Recent Match Report – 2019-2021 India vs New Zealand Final – .

Recent Match Report – 2019-2021 India vs New Zealand Final – .

A defensive masterclass from Kane Williamson all but wiped out a loss for New Zealand in the World Trial Championship final, but India was resolute in the session they had to beat, losing just two wickets and ending the penultimate day 32 races ahead. It took the genius of Tim Southee to win the opening games in arguably the best conditions of a test that turned out to be scorching for the hitters. So scorching that we can still think of a result despite only 225 overs of play during the five regulatory days of the Test.

As was the case in the two-test series between these two teams in New Zealand, the lower order contribution proved to make the difference: New Zealand’s last five wickets added 114 to the 61 of India. Still, their lead was only 32.

New Zealand started the day – an hour after the match shot due to a drizzle – 116 behind with eight wickets in hand, but Indian bowlers made sure New Zealand didn’t run away with the game . It was a controlled bowling masterclass under favorable conditions, yielding nothing to New Zealand and finding enough wicket deliveries in between.

In the second half of the innings, however, Williamson found support from Kyle Jamieson and Tim Southee, whose risks against a now tiring three-man stitching attack turned out to be. New Zealand’s last five games added 114 in 29 overs, which defied the running rate of around two in the remainder of the game.

Before the lower order slipped out of their hands, Mohammed Shami, Jasprit Bumrah and Ishant Sharma made one hell of a change to make sure New Zealand didn’t shut them out of the contest. They did it the hard way: not to look for the magic balls but to dry up the lanes with a good, sustained and intense bowling. Between them, the three played all the overs in the first session, followed by a half-hour break leading to the second new ball in the second session.

A good indicator of the quality of the bowling and the surface is the speed at which Williamson scores as he is a masterful hitter who plays according to the situation. His 49 out of 177 balls were his slowest innings of 20 or more balls. The last time New Zealand scored less than its 152 here in the first 80 overs in a set was in 2002.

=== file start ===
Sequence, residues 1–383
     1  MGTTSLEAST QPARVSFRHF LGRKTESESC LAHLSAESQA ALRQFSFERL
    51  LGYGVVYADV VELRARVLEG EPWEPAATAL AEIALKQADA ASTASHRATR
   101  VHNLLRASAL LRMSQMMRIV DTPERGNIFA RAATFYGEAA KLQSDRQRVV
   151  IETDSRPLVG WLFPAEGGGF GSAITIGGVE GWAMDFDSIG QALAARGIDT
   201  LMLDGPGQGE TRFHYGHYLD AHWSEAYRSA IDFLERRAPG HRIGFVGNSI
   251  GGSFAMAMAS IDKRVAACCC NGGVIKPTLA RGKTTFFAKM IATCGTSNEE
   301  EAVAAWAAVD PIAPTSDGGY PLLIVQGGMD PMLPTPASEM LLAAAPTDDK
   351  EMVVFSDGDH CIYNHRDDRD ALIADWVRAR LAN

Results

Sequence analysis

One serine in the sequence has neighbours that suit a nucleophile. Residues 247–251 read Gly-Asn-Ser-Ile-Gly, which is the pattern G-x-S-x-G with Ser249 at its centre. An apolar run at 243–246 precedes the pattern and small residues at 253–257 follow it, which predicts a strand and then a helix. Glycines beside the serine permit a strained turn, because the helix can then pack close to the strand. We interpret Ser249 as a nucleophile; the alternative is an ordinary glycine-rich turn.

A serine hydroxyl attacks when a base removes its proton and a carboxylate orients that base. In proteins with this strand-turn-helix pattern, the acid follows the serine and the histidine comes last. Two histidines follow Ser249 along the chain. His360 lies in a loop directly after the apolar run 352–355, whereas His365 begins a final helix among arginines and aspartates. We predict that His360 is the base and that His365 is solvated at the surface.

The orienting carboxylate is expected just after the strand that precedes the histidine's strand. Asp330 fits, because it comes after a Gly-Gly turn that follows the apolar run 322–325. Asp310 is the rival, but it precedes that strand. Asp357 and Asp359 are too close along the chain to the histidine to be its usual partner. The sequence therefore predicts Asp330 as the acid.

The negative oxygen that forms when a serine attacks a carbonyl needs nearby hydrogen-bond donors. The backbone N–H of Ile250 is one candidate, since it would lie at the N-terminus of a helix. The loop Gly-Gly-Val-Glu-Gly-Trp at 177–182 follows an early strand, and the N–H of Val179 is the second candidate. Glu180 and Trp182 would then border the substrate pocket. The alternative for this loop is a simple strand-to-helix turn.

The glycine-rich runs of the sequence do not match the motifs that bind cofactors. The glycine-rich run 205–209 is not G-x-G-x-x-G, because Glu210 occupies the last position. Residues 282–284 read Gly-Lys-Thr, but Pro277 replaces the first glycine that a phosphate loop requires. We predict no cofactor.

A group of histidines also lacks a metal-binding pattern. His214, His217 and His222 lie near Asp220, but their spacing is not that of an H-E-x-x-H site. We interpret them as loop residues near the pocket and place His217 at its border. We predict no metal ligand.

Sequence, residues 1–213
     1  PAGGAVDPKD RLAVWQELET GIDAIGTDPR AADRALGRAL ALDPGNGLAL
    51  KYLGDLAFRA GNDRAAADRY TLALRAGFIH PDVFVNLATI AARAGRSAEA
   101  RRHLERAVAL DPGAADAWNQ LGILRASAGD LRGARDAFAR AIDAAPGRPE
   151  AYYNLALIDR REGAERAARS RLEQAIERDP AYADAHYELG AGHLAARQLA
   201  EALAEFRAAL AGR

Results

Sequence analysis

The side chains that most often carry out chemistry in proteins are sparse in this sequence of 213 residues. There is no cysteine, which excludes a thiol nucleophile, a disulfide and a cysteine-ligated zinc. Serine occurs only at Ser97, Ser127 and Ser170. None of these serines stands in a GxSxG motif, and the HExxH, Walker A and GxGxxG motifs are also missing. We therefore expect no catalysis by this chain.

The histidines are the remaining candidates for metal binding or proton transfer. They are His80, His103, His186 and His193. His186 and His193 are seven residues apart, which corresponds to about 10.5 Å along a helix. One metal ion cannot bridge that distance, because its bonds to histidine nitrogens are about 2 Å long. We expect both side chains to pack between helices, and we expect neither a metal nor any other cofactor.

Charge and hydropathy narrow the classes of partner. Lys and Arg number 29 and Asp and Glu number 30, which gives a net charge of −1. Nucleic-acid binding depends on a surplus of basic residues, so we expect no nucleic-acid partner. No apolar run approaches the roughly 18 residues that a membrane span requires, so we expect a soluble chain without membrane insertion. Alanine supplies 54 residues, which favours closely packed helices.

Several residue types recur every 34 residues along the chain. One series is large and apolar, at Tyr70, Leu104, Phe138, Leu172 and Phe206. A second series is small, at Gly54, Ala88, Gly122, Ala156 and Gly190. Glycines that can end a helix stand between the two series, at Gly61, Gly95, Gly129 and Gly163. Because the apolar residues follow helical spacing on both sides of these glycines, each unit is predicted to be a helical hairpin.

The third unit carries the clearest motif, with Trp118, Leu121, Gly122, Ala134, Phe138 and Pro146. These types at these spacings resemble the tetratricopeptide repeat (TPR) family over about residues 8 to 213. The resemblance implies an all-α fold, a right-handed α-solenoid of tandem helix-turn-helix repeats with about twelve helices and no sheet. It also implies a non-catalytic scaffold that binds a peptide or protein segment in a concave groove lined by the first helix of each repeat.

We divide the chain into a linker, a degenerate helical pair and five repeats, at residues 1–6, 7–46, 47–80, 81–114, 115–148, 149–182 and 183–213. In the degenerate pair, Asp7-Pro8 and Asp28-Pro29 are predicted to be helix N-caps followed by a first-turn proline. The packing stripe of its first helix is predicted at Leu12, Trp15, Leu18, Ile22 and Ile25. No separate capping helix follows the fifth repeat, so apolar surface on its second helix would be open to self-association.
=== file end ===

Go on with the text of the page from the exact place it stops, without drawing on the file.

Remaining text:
Throughout the first session, you could count the number of regular balls on one hand: two inswingers on the side of Ishant’s leg that went unpunished and a half volley each from Shami and Bumrah. Only 34 races came in this session for the wickets of Ross Taylor, Henry Nicholls and BJ Watling.

Taylor swung hard at the sight of the first full ball he got and ended up chipping halfway through. Nicholls followed a swinger outside. Watling got a peach from Shami, who stung in the middle and made it to the top.

At the start of the second session, India had to give in a bit because the new ball was seven times. This is where the score rate started to spin, but with the new ball Shami trapped Grandhomme’s Colin with a wide inswinger on the crease to make it 162 for 6. Jamieson, however, used his reach well. to go after bowlers. A ball after hitting the first six of the match, he landed a hook to fall on Shami for 21 of 16.

New Zealand was still at 25, and Williamson has now increased his intention slightly. He cut Shami’s top off for a four, started looking to open up his face a bit whenever he was allowed to go back, but always chose limits only on bad balls, which has increased now that the three fast bowlers were about to play two sessions of bowling alone.

Williamson will be angry with himself that in such a situation he followed a wide Ishant ball with an attempt to step back with his foot, possibly leaving a few points there. Southee, however, made sure to take the lead after 30, hitting two sixes, passing Ricky Ponting to move up to No.15 on the test cricket six-hitter list.

However, it was Southee the bowler who kept New Zealand in the race for victory with very skillful bowling. India started to fight with the final session of the day, a situation reminiscent of their defeat in Christchurch where they lost six wickets in the final one-day session after both sides’ opening innings were virtually called off. .

This terrain had a steep, uneven bounce. It was now finally installed in the third day of use. There was nothing outside of the field available for New Zealand bowlers, but swinging with the Dukes was always a difficult proposition. Rohit Sharma and Shubman Gill seemed in control, but Southee was just a little better.

Gill was taken out in the 11th when Southee followed three outswingers with a last-moment seam position change, playing his swinging, rocking seam delivery. Gill looked towards Midwicket, meaning he was beaten on the inside edge and stuck in the front.

Rohit looked more confident and, in company with Cheteshwar, Pujara was heading for stumps when Southee returned for a second testing spell. They must have taken the Jamieson exam before Southee took over. Fifteen minutes before the stumps, he took out Rohit with the inswinger, but this time with a seam delivery, only with the shiny side on the outside. Rohit inflated and received a lbw.

Virat Kohli and Pujara played the tough last 15 minutes, but knew they had work to do on the last morning, reserve day.

Sidharth Monga is Associate Editor at ESPNcricinfo


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